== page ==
Ozawa v. United States

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Takao Ozawa v. United States
Seal of the United States Supreme Court
Argued October 3–4, 1922
Decided November 13, 1922
Full case nameTakao Ozawa v. United States
Citations260 U.S. 178 (more)
43 S. Ct. 65; 67 L. Ed. 199; 1922 U.S. LEXIS 2357
Holding
Ozawa was racially "ineligible for citizenship" as he did not qualify as belonging to the Caucasian race.
Court membership
Chief Justice
William H. Taft
Associate Justices
Joseph McKenna · Oliver W. Holmes Jr.
Willis Van Devanter · Mahlon Pitney
James C. McReynolds · Louis Brandeis
George Sutherland
Case opinion
MajoritySutherland, joined by unanimous

Takao Ozawa v. United States, 260 U.S. 178 (1922), was a case in which the United States Supreme Court found Takao Ozawa, a Japanese-American who was born in Japan but had lived in the United States for 20 years, ineligible for naturalization.[1] In 1915, Takao Ozawa filed for United States citizenship under the Naturalization Act of 1906 which allowed only "free white persons" and "persons of African nativity or persons of African descent" to naturalize. Ozawa did not challenge the constitutionality of the racial restrictions. Instead, he claimed that Japanese people were properly classified as "free white persons".

Opinion[edit]

Writing for a unanimous Court, Justice George Sutherland approved a line of lower court cases that held that "the words 'white person' were meant to indicate only a person of what is popularly known as the Caucasian race." Because in ordinary usage, the Japanese were not considered Caucasian, these courts had held, the Japanese were not "free white persons" within the meaning of the law. Justice Sutherland wrote that the lower courts' conclusion that the Japanese were not "free white persons" for purposes of naturalization had “become so well established by judicial and executive concurrence and legislative acquiescence that we should not at this late day feel at liberty to disturb it, in the absence of reasons far more cogent than any that have been suggested". The Court specifically declined to review the ethnological authorities relied on by the lower courts to support their conclusion or those advanced by the parties.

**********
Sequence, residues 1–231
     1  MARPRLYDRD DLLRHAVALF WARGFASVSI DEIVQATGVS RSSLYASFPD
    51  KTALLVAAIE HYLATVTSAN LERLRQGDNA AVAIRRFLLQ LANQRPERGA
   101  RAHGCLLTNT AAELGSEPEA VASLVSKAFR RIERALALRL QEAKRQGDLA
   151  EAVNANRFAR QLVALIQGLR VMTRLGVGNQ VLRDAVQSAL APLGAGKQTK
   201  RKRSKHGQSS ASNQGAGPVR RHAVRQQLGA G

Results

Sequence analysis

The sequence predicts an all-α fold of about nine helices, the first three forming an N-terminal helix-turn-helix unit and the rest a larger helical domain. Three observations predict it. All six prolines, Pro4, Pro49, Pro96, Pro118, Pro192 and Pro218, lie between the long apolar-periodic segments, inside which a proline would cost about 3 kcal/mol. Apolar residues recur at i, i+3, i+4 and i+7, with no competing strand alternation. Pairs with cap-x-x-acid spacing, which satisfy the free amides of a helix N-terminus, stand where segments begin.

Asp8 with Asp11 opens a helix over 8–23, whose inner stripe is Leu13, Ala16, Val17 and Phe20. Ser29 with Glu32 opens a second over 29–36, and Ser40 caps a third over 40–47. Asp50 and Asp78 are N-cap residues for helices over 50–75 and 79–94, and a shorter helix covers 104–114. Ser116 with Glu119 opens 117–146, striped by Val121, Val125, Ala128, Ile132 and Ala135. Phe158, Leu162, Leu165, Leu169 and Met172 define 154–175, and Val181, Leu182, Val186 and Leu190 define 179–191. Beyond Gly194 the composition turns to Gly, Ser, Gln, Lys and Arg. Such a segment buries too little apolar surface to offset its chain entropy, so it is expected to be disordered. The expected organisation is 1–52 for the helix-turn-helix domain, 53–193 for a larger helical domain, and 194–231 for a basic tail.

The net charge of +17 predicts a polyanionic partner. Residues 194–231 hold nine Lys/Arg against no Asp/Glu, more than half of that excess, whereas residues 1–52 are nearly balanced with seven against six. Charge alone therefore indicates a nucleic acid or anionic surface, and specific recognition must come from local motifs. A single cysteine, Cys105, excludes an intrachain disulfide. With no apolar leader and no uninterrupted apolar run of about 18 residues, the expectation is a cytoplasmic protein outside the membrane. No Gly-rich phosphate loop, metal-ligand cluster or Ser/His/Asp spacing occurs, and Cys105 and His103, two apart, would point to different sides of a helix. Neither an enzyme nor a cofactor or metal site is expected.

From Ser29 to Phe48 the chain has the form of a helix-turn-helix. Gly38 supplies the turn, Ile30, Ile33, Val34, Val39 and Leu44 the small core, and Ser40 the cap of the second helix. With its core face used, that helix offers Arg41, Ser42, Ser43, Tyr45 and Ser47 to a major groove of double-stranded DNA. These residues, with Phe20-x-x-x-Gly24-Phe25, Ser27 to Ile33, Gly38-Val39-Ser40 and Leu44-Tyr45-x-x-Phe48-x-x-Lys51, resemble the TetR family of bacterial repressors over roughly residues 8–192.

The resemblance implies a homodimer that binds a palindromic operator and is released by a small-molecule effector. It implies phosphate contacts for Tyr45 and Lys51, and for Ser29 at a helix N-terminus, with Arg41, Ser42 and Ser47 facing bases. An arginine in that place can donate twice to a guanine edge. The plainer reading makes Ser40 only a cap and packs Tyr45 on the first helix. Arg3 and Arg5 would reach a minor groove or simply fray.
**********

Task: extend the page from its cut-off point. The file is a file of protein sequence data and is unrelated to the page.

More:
Effects[edit]

On the same day, the Supreme Court released its ruling in Yamashita v. Hinkle.[2]

Within three months, Justice Sutherland authored a similarly unfavorable ruling in a Supreme Court case concerning the petition for naturalization of a Sikh immigrant from the Punjab region in British India, who identified himself as "a high caste Hindu of full Indian blood" in his petition, United States v. Bhagat Singh Thind. The upshot of this ruling was that like the Japanese, "high-caste Hindus, of full Indian blood" were not "free white persons" and were racially ineligible for naturalized citizenship. To support this conclusion, Justice Sutherland reiterated Ozawa's holding that the words "white person" in the naturalization act were "synonymous with the word 'Caucasian' only as that word is popularly understood".[3]

Reaction[edit]

Author, editor, and policy researcher Raymond Leslie Buell, writing in Foreign Affairs magazine in 1923, said "The Japanese are now confronted with the unpalatable fact, laid down in unmistakable terms by the highest court in the land, that we consider them unfit to become Americans."[4]

See also[edit]

References[edit]

  1. ^ Ozawa v. United States, 260 U.S. 178 (1922).
  2. ^ Yamashita v. Hinkle, 260 U.S. 199 (1922).
  3. ^ Doug Coulson, Race, Nation, and Refuge: The Rhetoric of Race in Asian American Citizenship Cases (Albany: SUNY Press, 2017).
  4. ^ Buell, Raymond Leslie (December 15, 1923). "Again the Yellow Peril". Foreign Affairs. Vol. 2 no. 2. ISSN 0015-7120.

External links[edit]